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Conference Proceeding

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Indiana Academy of the Social Sciences Proceedings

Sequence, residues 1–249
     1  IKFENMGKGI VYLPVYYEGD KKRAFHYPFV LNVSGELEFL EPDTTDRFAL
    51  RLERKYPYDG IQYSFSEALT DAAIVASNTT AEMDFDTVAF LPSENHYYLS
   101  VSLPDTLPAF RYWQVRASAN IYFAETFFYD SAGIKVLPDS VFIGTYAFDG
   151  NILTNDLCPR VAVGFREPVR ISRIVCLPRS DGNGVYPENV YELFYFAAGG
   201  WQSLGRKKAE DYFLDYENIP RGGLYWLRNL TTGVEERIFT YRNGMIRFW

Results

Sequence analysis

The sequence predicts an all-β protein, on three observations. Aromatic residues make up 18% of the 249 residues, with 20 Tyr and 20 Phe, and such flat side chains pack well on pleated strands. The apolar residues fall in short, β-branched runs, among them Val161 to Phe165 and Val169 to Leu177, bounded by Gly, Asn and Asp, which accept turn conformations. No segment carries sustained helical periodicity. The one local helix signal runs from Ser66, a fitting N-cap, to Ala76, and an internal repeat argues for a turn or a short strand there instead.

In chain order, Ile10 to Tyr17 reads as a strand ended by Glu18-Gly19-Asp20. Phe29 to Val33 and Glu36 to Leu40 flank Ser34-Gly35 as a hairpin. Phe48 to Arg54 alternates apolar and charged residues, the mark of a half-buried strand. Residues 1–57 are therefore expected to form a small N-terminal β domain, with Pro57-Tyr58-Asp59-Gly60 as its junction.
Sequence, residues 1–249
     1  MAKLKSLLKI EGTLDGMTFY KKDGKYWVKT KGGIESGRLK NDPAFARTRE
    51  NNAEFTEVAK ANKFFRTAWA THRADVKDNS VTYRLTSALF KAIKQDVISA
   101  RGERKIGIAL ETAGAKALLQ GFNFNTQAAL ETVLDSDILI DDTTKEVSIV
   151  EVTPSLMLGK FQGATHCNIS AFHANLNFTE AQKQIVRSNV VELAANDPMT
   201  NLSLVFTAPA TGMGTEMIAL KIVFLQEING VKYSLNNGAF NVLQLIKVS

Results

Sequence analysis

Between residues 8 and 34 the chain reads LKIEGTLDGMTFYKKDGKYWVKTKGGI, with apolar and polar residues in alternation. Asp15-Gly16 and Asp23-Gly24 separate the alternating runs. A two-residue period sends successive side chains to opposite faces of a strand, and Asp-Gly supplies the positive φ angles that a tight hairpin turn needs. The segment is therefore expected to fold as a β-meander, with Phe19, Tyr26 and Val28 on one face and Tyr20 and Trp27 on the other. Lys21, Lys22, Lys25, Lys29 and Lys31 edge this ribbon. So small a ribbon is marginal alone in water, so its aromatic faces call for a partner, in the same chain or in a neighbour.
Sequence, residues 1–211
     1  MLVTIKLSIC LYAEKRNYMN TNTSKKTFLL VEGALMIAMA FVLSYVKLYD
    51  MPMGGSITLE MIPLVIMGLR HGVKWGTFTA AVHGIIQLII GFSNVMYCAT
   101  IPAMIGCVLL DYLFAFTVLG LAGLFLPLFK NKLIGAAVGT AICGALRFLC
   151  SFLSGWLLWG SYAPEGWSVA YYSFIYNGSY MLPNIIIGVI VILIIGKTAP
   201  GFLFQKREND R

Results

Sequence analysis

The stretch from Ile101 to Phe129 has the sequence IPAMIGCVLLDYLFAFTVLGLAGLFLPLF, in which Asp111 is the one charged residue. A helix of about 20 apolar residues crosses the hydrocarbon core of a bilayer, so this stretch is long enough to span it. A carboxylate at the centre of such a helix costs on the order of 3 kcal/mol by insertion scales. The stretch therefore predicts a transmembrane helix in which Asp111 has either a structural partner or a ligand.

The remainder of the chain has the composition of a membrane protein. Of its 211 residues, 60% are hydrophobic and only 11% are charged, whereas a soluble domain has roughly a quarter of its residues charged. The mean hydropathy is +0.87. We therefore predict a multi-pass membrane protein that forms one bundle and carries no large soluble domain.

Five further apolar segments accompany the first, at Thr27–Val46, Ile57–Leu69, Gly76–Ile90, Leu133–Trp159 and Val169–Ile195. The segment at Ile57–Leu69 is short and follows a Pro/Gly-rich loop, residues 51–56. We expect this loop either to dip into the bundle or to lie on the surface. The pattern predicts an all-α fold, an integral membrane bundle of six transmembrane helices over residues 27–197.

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Few books have enjoyed the publishing success seen in the last decade by J. R. R. Tolkien's epic fantasy trilogy, The Lord of the Rings. Since the time of its paperback appearance in 1965 the work has not only attracted wide popular readership but has also stimulated a considerable body of scholarly criticism.1 As a work of fantasy, Tolkien's tale of struggle surrounding a ring of power has attracted most of its commentators to the areas of myth and linguistics, two of the sources upon which the author relied most heavily. Yet for all its epic dimensions, the trilogy has thus far failed co spur a similar inquiry into another of Tolkien's vital sources, the realm of history and the historical imagination.


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